I live in South Texas. We pay a lot of attention to the hurricane predictions every year. It was supposed to be terrible last year and this because of global warming. Last year we Had DON (better named Dud) that hit here in Brownsville and did absolutlely nothing. Had 1 that ran up the eastern seaboard and caused a bunch of flooding. This year we had 1 hurricane hit souther Mexcco and 1 go through New Oleans and caused a little flooding. Last year ist seemed like they named every cloud and most of them were nothing. Last year was a scorcher down here, but this year the temperature didn't break 100 til after the first of september and is now peaking in the low 90's.
Previously we had lived in northern Indiana. My boss had a fruit farm. Apples and Peaches. Except the weather had been so cold for several years that he was getting no peaches. Last time thathappened was in the 1960's.
And then we hear that the winters are colder because of "global warming". But most of the conversation insisting that it is real seems to be centered on how do we use "global warming" to controls other peoples lifestyles.
Oh - and some of the brilliance of the "global warming" crowd. Can't burn wood and wood products because that will release carbon Dioxide. Yes, but the carbon dioxide from burning wood and wood products is easily recycled into more wood and wood products. The sun shines, the trees grow, we harvest them and start over again. But most of the "environmental" crowd can't see that trees are a crop just like corn and beans and cucumbers. In East Texas a few years back they had to cut pine trees and burn them because they got too old and unhealthy and the pine beetles were doing damage to the unhealthy as well as the healthy trees. Perhaps, if they had harvested the trees after growing for 25 years they could have used the wood and the trees would grow again. But no, they were cut and burned. Brilliant use of a natural resource.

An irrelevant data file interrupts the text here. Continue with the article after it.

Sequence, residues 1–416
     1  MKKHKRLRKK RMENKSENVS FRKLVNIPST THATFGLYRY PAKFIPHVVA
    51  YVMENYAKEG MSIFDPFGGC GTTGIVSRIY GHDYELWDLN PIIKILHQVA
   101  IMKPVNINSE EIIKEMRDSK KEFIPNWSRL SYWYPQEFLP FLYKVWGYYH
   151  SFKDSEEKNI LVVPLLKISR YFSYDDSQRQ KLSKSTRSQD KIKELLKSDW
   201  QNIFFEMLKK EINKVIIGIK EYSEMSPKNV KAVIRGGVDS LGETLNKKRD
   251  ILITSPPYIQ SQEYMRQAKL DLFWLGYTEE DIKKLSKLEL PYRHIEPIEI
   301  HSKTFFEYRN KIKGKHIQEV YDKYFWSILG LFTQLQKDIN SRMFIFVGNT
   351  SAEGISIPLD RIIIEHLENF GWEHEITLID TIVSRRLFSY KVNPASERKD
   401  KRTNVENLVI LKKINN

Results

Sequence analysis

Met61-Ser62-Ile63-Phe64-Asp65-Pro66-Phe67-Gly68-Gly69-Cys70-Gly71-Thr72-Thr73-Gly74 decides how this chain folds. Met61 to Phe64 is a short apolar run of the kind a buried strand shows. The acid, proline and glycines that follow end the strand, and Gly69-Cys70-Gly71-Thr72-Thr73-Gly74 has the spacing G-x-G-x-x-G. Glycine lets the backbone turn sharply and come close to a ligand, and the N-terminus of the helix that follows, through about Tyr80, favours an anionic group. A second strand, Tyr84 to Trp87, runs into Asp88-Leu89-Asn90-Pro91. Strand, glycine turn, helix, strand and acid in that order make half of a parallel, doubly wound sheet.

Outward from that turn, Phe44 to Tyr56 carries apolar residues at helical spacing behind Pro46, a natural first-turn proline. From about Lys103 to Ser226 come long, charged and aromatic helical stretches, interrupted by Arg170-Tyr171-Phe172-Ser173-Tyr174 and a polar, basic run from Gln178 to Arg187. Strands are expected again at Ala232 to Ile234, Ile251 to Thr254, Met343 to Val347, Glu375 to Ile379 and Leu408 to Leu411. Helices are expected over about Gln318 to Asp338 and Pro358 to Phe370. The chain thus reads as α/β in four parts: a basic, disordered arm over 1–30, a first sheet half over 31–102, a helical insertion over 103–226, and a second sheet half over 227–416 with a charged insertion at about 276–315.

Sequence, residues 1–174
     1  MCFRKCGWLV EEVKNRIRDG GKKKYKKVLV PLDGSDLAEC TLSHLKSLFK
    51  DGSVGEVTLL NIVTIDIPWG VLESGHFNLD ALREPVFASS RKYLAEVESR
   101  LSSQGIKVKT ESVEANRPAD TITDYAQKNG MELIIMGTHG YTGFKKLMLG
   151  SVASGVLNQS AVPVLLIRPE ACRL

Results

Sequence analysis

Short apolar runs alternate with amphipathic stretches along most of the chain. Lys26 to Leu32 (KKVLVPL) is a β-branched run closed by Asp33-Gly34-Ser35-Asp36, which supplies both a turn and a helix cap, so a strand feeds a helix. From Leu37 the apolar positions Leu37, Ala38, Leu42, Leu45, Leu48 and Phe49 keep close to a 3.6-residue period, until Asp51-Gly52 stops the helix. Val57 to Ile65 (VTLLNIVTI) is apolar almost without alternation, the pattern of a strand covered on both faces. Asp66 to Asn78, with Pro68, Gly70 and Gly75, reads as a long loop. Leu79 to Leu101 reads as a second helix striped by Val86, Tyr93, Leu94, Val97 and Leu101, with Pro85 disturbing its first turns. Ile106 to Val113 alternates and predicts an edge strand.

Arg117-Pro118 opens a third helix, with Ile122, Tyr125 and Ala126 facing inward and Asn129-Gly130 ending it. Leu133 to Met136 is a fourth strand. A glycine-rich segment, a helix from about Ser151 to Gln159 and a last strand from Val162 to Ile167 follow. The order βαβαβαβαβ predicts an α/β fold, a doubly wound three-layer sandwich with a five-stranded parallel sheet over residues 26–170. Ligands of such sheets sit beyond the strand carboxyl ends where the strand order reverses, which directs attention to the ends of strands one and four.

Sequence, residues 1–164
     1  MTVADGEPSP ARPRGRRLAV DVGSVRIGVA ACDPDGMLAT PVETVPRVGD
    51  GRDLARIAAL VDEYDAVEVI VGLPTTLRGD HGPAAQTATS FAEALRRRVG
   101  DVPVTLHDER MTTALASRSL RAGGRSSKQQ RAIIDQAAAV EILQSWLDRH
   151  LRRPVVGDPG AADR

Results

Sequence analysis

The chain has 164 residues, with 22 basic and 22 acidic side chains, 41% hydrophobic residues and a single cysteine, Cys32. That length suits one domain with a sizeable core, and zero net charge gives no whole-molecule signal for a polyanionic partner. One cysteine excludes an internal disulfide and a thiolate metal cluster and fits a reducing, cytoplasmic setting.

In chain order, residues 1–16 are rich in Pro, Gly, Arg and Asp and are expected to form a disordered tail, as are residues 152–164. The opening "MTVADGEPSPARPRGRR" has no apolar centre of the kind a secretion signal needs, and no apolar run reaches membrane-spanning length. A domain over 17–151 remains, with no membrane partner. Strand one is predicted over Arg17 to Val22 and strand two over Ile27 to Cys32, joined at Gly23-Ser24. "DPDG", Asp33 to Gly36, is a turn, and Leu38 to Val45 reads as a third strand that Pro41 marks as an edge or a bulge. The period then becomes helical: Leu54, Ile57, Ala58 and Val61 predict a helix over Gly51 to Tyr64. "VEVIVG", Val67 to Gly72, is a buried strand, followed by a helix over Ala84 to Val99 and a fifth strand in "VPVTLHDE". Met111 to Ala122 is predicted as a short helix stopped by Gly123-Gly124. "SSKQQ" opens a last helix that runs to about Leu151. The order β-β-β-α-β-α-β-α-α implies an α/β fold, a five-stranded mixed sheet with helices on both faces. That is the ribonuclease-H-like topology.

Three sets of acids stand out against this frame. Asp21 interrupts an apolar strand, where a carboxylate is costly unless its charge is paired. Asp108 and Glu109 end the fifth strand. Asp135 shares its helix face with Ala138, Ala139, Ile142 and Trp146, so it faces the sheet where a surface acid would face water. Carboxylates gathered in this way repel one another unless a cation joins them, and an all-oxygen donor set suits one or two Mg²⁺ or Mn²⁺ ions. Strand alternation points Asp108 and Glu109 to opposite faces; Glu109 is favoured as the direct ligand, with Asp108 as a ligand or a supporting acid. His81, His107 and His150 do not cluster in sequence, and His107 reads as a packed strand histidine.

Dear Jarvis. Yes I have heard of Milankovitch. So has every scientist I have read on the subject of GW. I can't say as much for the political GW side, which I mostly ignore, along with their opposite. I suspect if you think no one who is convinced of GW, in the scientific world that is, knows or is mentioning the long term solar cycles, you are not reading broadly enough. Of course I speak from 60 years of study so there may be some modern folk who are not as well studied as they should be, Milankovitch is like freshman level study now. All I can tell you for sure is that the solar insolation was very much part of the GW studies funded by NOAA back about 5 years ago that I did read. Actually with few exceptions most scientists are not idiots or easily forced to accept anything. They got to be scientists because they were rabble rousers of the first order, back in their days as students, and questioned everything they were told. Most of us still do, politics or not.
Hi Tim. GW does not have two sides. There is fact, as poorly as we may understand it, and all else is false. I do observe that many of the Pro side (in the political argument that is) overstate the effects, the rates of onset, and the likely consequences of our inaction, and our action, and way understate the ability we have to amelorate the effects. On the other side, however, is a lot of absurd shouting and downright silly positions. There is no question at all that we are warming, slowly so far, and that human action is impacting that substantially. It is very unclear how much simply reducing a bit the rate of increase in combustion of fossile fuels could even slow down the rate of change over the next 20 years or so. And there are 3-4 major tripping points that could make abrupt changes with very challenging impacts to everyone, whether they believe in GW or not. Right now, all I can hope for is that the US wide (except the west coast) drought and super hot summer is not becoming the new norm. Wringing our hands and saying "It's not my fault." won't cool us off one little bit. Nor improve the skiing. Practice eating less and change to water sports I guess.